Night Journey, Monday – Friday 9 p.m.
Crime of Privilege, Fiction by Walter Walker, 2013. 17 Br. Began January 28. When George is cornered by the father of a young woman slain years before, and asked why certain leads were never explored, he agrees to look into it. This murder and a rape in Palm Beach have nothing in common but the presence of an American family of privilege. L – Read by Neil Bright.
If You Find Me, Fiction by Emily Murdoch, 2013. 7 Br. Begins February 20. Fifteen-year-old Carey and her sister live in a camper in a national forest with her younger sister. Their mentally ill mother comes and goes. One day, their mother disappears forever, the girls are found by their father, who is a stranger to them, and they re-enter “normal” life. L – Read by Diane Ladenson.
Off the Shelf, Monday – Friday 10 p.m.
The Bookman’s Tale, Fiction by Charlie Lovett, 2013. 12 Br. Began February 3. After the death of his wife, Amanda, antiquarian bookseller Peter Byerly moves from the U.S. to a Welsh town. On opening an eighteenth-century book, a portrait of her falls out of its pages. Read by Mike Piscitelli.
The Son, Fiction by Philipp Meyer, 2013. 23 Br. Begins February 19. When Eli is captured by the Comanches, he adapts and lives as they do. But when the tribe is decimated, he finds himself alone without an identity. V,L,S – Read by Jack Rossmann.
Potpourri, Monday – Friday 11 p.m.
Sky Tinged Red, Nonfiction by Isaia Eiger, 2013. 16 Br. Began February 3. Eiger spent two-and-a-half years as a prisoner at Birkenau. His record of those he met documents the extremes of human behavior, both courage to be human, and brutality. V – Read by Chris Colestock.
Worldly Philosopher, Nonfiction by Jeremy Adelman, 2013. 29 Br. Begins February 25. Born in 1915, Hirschman was one of the twentieth century’s most original and provocative thinkers. Read by Leila Poullada
Good Night Owl, Monday – Friday midnight
Bad Monkey, Fiction by Carl Hiaasen, 2013. 14 Br. Began February 6. Andrew Yancy has a human arm in his freezer and he’s trying to prove that the owner was murdered. If he is successful, he might be returned to his job at the sheriff’s office and be able to leave his grisly Health Inspector gig. L – Read by Don Gerlach.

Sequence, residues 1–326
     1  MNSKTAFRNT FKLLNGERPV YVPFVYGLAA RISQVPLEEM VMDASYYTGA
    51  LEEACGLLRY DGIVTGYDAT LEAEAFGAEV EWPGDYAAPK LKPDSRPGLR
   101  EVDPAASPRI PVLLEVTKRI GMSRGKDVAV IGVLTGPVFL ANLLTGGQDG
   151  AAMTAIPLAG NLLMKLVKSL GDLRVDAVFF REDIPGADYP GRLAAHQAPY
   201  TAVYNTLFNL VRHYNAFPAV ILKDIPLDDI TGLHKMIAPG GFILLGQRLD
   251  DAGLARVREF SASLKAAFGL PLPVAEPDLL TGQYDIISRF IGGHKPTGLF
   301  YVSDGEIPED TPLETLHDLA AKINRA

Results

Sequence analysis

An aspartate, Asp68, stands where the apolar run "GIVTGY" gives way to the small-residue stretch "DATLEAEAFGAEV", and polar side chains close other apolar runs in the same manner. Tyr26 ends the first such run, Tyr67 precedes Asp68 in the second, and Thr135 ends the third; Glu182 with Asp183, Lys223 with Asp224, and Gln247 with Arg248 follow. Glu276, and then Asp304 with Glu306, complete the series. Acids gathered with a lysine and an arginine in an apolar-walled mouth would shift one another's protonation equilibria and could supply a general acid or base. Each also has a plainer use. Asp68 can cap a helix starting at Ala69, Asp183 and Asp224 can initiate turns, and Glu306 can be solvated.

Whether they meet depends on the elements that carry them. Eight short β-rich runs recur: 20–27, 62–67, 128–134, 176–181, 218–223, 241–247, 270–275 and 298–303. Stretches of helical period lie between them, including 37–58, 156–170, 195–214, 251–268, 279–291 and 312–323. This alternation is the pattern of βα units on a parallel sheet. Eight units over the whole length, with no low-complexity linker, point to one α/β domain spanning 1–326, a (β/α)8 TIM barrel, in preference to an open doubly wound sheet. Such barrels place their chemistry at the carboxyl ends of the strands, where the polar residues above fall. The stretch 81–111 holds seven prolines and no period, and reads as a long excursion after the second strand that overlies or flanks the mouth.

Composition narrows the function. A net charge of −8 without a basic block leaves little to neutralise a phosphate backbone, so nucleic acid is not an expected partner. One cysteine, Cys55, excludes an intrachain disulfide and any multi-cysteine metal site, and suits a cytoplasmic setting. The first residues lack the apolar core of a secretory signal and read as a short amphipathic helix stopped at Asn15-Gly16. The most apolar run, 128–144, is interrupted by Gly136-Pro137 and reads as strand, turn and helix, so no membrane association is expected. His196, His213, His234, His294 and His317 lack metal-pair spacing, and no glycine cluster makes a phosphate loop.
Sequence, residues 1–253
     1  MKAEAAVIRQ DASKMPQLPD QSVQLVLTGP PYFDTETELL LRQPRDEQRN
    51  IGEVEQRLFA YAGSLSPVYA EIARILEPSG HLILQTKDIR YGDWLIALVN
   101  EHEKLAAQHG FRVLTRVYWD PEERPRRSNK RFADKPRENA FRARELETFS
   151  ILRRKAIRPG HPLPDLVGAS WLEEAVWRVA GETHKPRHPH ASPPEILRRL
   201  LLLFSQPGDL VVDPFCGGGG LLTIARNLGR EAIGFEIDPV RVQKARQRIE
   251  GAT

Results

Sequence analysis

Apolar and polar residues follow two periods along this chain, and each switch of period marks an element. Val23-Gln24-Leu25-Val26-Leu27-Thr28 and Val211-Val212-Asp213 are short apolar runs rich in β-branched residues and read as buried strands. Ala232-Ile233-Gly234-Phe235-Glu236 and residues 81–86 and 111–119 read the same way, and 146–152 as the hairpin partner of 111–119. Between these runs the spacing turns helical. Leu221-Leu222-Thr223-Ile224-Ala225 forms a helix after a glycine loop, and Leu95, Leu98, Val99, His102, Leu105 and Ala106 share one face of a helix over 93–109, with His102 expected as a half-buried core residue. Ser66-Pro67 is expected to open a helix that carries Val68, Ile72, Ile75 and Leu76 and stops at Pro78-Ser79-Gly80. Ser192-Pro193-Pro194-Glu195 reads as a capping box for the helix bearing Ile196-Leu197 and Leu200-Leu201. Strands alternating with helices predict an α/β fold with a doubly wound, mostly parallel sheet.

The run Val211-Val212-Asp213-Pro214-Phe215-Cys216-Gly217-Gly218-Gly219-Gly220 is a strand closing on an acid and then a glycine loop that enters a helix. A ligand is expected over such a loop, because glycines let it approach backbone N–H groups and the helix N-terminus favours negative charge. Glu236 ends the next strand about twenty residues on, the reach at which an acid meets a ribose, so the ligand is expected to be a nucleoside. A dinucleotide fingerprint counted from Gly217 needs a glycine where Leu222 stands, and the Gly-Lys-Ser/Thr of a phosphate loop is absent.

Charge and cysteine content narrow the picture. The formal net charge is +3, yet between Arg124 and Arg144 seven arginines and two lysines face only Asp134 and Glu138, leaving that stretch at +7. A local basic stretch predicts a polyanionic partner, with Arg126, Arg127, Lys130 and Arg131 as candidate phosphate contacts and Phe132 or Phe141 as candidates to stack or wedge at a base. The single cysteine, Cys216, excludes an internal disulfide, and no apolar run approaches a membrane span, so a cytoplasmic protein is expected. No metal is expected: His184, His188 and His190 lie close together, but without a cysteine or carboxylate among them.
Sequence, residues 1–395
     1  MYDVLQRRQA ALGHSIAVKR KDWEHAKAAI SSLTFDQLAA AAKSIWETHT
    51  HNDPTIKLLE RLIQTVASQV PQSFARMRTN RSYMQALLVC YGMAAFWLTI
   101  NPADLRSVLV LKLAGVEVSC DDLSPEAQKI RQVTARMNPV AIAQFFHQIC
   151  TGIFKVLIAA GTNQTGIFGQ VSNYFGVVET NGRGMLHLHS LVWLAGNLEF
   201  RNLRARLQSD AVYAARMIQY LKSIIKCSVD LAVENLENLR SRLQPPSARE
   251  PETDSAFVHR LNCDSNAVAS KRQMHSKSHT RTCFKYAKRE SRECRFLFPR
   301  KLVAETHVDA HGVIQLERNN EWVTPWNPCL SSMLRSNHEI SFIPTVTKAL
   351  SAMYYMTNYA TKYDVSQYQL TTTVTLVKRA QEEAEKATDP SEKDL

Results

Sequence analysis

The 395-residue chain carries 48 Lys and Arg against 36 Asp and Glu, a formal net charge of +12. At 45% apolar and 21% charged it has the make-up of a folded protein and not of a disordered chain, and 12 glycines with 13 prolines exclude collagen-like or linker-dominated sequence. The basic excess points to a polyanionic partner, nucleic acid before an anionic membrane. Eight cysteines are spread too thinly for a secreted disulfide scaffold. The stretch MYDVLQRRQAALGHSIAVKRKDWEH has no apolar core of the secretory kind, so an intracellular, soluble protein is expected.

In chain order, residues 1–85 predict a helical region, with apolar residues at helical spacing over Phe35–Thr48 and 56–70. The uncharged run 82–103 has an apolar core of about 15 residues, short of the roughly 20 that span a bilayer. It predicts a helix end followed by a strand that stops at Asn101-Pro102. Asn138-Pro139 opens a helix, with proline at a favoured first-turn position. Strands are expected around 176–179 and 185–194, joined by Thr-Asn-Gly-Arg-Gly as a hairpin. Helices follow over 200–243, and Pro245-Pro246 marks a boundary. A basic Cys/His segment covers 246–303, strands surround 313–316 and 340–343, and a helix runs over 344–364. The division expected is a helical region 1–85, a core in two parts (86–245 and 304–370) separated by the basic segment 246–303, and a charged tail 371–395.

The Suitors, Fiction by Cécile David-Weill, 2013. 9 Br. Begins February 26. After two sisters, Laure and Marie, learn of their parents’ plan to sell the family’s summer retreat, L’Agapanthe, they devise a scheme for attracting a wealthy suitor who can afford to purchase the estate. L – Read by Sue McDonald.
After Midnight, Tuesday – Saturday 1 a.m.
Carnival, Fiction by Rawi Hage, 2013. 9 Br. Begins February 6. Fly is a taxi driver, the son of a trapeze artist and a flying-carpet man. He sees all of the city’s carnivalesque beauty and ugliness as he roves through its dizzying streets in his taxi. L,S –Read by John Holden.
The Comfort of Lies, Fiction by Randy Susan Meyers, 2013. 12 Br. Begins February 24. Five years ago, though he was married to Juliette, Nathan had an affair with Tia. She became pregnant, he disappeared, and the baby was adopted. By Caroline. Now Juliette intercepts a letter to her husband with pictures of a child with a deep resemblance to her husband. L – Read by Cintra Godfrey.
Abbreviations: V – violence, L – offensive language, S – sexual situations